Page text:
Alston emphasized that “I do not for a moment question the seriousness of the challenges posed by terrorism. I condemn wholeheartedly the actions of al-Qaeda and all other groups that kill innocent civilians, as well as any groups that increase the danger of attacks on civilians by hiding in their midst. These actions unequivocally violate international law. But the fact that such enemies do not play by the rules does not mean that a Government can cast those rules aside or unilaterally re-interpret them. The credibility of any government’s claim that it is fighting to uphold the rule of law depends on its willingness to disclose how it interprets and applies the law – and the actions it takes when the law is broken.”
In terms of the second problem – accountability – Alston observed that “it is an essential requirement of international law that States using targeted killings demonstrate that they are complying with the various rules governing their use in situations of armed conflict. The clearest challenge to this principal today comes from the program operated by the US Central Intelligence Agency in which targeted killings are carried out from unmanned aerial vehicles or drones. It is clear that many hundreds of people have been killed as a result, and that this number includes some innocent civilians. Because this program remains shrouded in official secrecy, the international community does not know when and where the CIA is authorized to kill, the criteria for individuals who may be killed, how it ensures killings are legal, and what follow-up there is when civilians are illegally killed. In a situation in which there is no disclosure of who has been killed, for what reason, and whether innocent civilians have died, the legal principle of international accountability is, by definition, comprehensively violated.”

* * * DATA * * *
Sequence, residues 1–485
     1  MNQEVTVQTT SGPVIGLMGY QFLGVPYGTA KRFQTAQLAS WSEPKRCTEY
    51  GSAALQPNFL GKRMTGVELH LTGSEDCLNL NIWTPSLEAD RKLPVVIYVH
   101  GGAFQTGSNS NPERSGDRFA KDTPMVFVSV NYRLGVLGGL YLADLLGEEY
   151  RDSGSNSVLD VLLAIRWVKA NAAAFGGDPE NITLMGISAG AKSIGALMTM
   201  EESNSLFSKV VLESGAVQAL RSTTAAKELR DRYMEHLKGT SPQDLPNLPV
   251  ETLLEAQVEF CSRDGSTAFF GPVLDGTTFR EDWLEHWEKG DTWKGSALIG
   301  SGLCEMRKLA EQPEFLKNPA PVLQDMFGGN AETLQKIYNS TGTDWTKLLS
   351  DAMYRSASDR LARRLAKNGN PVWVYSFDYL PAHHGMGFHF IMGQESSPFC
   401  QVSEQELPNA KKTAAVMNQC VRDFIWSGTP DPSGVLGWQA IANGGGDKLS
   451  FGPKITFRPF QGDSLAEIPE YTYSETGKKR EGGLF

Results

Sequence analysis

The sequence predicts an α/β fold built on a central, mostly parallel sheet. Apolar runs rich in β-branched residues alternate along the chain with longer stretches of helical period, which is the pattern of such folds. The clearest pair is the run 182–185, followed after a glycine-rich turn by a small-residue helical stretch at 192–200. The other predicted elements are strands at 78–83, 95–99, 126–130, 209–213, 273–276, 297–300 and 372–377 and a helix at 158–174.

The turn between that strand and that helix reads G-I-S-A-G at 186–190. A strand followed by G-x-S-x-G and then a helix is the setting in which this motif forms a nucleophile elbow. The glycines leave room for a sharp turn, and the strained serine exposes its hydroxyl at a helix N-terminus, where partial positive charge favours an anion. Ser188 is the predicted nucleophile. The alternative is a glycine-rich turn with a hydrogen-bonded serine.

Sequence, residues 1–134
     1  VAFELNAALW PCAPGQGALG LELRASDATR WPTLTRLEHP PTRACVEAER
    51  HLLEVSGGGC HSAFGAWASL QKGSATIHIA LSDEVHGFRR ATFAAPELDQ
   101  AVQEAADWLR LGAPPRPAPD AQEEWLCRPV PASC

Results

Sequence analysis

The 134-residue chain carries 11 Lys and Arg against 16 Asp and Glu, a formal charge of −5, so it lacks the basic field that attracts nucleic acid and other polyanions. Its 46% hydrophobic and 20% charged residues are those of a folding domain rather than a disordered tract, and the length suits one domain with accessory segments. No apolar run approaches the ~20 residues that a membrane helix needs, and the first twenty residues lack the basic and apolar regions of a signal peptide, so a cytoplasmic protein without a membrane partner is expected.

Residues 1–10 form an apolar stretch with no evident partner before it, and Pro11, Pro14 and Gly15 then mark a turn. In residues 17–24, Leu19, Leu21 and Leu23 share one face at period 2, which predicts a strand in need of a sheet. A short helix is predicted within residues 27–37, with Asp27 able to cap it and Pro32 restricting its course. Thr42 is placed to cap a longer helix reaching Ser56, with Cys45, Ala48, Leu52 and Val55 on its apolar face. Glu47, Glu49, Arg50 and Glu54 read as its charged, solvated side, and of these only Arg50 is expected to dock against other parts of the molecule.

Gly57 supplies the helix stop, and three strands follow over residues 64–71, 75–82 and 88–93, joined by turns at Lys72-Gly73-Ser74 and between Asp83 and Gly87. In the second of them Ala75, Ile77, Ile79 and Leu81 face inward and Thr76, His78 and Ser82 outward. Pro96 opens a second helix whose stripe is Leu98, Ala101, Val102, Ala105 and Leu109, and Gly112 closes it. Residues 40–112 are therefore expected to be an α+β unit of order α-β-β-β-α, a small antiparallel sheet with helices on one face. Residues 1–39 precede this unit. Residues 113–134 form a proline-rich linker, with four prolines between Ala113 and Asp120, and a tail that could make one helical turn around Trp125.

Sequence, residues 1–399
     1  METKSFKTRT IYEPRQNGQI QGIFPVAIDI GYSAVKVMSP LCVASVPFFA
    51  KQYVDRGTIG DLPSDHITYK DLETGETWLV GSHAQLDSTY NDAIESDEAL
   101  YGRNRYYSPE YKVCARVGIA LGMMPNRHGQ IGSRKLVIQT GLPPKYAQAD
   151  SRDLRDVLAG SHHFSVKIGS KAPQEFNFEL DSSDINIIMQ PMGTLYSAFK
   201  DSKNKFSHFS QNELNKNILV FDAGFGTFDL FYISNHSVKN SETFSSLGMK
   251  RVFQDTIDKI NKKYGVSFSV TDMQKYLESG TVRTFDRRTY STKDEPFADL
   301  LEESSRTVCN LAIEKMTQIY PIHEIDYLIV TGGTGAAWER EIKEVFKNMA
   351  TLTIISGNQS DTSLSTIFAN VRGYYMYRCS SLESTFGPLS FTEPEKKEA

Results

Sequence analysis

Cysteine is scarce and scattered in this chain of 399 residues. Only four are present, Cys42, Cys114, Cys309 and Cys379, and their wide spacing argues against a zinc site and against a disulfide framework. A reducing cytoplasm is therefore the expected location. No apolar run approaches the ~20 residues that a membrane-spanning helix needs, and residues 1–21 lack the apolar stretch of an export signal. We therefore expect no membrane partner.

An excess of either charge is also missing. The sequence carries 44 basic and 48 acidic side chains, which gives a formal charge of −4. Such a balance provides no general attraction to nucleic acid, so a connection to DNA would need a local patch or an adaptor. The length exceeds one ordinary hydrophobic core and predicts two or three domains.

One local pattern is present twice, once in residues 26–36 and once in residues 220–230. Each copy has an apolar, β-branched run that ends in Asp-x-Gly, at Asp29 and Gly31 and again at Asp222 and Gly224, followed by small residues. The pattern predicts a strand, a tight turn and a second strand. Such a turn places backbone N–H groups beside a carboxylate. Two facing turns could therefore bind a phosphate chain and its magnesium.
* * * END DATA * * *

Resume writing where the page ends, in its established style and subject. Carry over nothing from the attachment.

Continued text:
Among the issues addressed in Alston’s report are: the legality of targeted killings under the laws of war, international human rights law, and the law applicable when States invoke their right to self-defence; the definition and scope of armed conflicts in which the laws of war apply; the definition of who may be targeted and killed, when, and by whom, in the context of armed conflict; the rules governing the amount of force that may be used; the legality of drone killings in particular, and the international law requirements of transparency and accountability.
The report noted: “Reported targeted killings by the CIA have given rise to a debate over whether it is a violation of IHL for such killings to be committed by State agents who are not members of its armed forces. Some commentators have argued that CIA personnel who conduct targeted drone killings are committing war crimes because they, unlike the military, are “unlawful combatants”, and unable to participate in hostilities. This argument is not supported by IHL. As a threshold matter, the argument assumes that targeted killings by the CIA are committed in the context of armed conflict, which may not be the case.
Outside of armed conflict, killings by the CIA would constitute extrajudicial executions assuming that they do not comply with human rights law. If so, they must be investigated and prosecuted both by the US and the State in which the wrongful killing occurred.”
Philip Alston is John Norton Pomeroy Professor of Law and co-Director of the Center for Human Rights and Global Justice at New York University School of Law.
He was appointed UN Special Rapporteur on extrajudicial executions in 2004 and reports to the United Nations Human Rights Council and the General Assembly. He has had extensive experience in the human rights field, including eight years as Chairperson of the UN Committee on Economic, Social and Cultural Rights, principal legal adviser to UNICEF in the drafting of the Convention on the Rights of the Child, and Special Adviser to the UN High Commissioner for Human Rights.
- Asian Tribune -